How long do you work with a horse before a competition

“The length of time that I work with my horses will vary. I’m quite a unique rider in that, because of my riding for the disabled background I used to get on any horse every week and just get the most out of the horse I was given, so that gave me a lot of skills as a rider in that I can adapt to any horse. Now I change them quite frequently; I used to borrow them from owners, so I never really knew when the owners would want them back so I used to have them for a year or two and then move onto the next one. Now, the horse I took to London he’s my own horse which I bought - my first one - and I had him for about 14 months before the Games and that was perfect for him, because we managed to click just on time to be selected. Now with other horses that might have been different; it could have taken a shorter amount of time or a longer amount of time so it really depends on the horse.”

What was the best part of London 2012

“My favourite experience from London - you can tell from the way I’m smiling - was my third competition when I had just finished my test and I kind of knew it was good enough to win a third gold medal even though I wait until the end of every class because you never know what could happen. But I came out of the arena and my brother and my two cousins stood out of the crowd, bare-chested, and shouted ‘We love you Sophie’ and the whole crowd just erupted; 10,000 people cheering my name,it’s something I’ll never ever forget. So that was my favourite moment thanks to my brother.”

Are your family able to travel to watch you compete?

“My family have travelled to watch me compete, pretty much at every major competition they come out and watch, which I’m really grateful for. I do like to distance myself from them a bit because I have a job to do and I don’t want to be distracted. Normally my brother can’t come as he’s at school or at university, but in London he was actually a volunteer in Greenwich which was actually really quite weird seeing him about but it was really comforting at the same time. So I would catch up with him at times which really helped because it made me relax as it was more of a family thing than before, so that made it special as well.”

What’s next

” This year in 2013 we’ve got the Europeans in August in Denmark which I’m aiming for. We have a major championships every year, so next year is the Worlds in France, and then the Europeans again and then it will be Rio 2016. But I’ll need another horse for that, because my horse will be a little too old by then and you never know what could happen with horses, so I’m not saying I’ll definitely go but it’ll be my aim and I’ll try my best to get there and do what I did in 2012.”

“The Paralympic movement has really grown, even in the years that I’ve been involved. In Athens virtually all of the stands were empty, Beijing was better, but London, with record numbers of ticket sales, really showed just how much the Paralympic movement has come on. And I think that Britain has gone the right way about it. In this country the Paralympics are virtually treated the same as the Olympics, which you wouldn’t get in any other country really. So I’m very lucky to be British in that I can be an athlete and not just a disabled person doing sport . So I hope that the London legacy will carry on to Rio. I think that will be the main test with the legacy, if we can carry it out in another country. I think there still can be some growth; I think Paralympic sport should be more mainstream on the TV, not just every 4 years, we compete every year. Nowadays you can watch athletics or cycling virtually any main events they have, so I would like to see that for the Paralympics too.”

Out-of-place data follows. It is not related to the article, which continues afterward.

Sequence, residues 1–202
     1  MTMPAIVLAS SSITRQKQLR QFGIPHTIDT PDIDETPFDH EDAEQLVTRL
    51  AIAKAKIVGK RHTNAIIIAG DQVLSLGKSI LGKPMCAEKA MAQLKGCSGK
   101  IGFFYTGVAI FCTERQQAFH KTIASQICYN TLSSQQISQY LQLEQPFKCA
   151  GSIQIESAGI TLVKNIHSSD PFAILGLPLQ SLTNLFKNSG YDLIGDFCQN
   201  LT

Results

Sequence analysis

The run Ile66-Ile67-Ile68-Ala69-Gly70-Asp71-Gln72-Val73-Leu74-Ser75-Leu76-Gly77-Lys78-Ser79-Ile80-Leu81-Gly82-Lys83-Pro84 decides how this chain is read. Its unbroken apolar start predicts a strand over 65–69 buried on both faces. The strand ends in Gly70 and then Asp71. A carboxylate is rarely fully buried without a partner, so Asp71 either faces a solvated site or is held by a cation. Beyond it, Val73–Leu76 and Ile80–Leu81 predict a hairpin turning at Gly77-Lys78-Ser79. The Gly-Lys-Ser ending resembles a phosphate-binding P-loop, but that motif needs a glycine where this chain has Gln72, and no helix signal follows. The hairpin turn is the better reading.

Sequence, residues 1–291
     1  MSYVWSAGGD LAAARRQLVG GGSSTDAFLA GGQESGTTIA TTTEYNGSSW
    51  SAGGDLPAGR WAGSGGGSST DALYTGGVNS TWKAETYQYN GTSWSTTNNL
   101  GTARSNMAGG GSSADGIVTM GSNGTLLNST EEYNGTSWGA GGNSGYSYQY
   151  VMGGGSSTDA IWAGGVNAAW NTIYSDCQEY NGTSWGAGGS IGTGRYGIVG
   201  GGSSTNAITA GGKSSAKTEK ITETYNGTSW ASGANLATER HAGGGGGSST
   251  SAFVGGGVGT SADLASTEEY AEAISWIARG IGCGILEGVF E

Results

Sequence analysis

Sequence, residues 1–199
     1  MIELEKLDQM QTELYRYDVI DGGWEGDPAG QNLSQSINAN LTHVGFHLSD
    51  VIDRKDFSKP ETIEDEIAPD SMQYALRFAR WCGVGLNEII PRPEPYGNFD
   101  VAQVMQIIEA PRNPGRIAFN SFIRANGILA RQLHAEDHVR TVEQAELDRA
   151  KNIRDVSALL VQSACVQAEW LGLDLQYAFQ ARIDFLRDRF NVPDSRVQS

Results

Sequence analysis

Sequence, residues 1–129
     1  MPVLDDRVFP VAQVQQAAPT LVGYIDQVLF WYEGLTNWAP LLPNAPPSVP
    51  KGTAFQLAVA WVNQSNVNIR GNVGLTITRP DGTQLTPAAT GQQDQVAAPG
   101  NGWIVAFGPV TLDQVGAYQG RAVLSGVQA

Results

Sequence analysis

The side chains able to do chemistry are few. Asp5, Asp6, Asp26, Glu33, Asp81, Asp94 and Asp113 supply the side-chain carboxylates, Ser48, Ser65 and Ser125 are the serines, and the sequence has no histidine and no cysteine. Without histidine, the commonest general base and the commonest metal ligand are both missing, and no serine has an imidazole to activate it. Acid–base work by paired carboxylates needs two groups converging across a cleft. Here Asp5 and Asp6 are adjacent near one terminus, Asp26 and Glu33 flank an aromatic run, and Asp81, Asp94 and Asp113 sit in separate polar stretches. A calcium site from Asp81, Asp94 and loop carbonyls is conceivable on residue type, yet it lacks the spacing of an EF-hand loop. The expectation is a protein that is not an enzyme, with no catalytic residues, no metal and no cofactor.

Are young people interested in participating in the Games?

“I’ve had a lot of younger people come to me for advice on how to start. And I’ve heard from different groups and disabled clubs that their intake has been much higher since the Games. I still would like to see a bit more; I believe in the benefits of being fit as well. I think there was a danger for London that maybe disabled people saw Paralympians compete at an elite level and they might have thought ‘I’ll never really get to that level so I won’t do sport at all’. Which for me doing sport really, really helped my disability; I believe that keeping fit has reduced the limitations I do have, so I can get out of the house, I can do stuff on my own, I can get a job as I’m fit enough to be able to. And I’d really like to see more disabled people just doing sport or going to the gym and get active and fit so that they can make the most out of life.”

Profile of equestrian sport

“I think equestrian in general, able-bodied and paralympian has really come to the forefront because all the teams at both the Olympics and Paralympics did so so well and I really believe that before it was seen as something people do on horses and not really seen as a sport. Whereas now I get people coming up to me and saying ‘Oh you do that dancing on horses thing.’ And I say ‘yup’; I don’t need to explain what dressage is anymore, because they know and I think that’s really good for our sport. And I’d like to see more people getting involved because it’s given me so much.”